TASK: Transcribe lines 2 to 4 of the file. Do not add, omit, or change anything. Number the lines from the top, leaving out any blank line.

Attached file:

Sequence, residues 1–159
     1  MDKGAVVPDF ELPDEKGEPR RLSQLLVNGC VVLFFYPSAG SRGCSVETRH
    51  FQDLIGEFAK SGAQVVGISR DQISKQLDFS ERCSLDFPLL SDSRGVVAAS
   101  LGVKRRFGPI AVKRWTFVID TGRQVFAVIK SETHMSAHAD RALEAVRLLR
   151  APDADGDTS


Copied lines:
     1  MDKGAVVPDF ELPDEKGEPR RLSQLLVNGC VVLFFYPSAG SRGCSVETRH
    51  FQDLIGEFAK SGAQVVGISR DQISKQLDFS ERCSLDFPLL SDSRGVVAAS
   101  LGVKRRFGPI AVKRWTFVID TGRQVFAVIK SETHMSAHAD RALEAVRLLR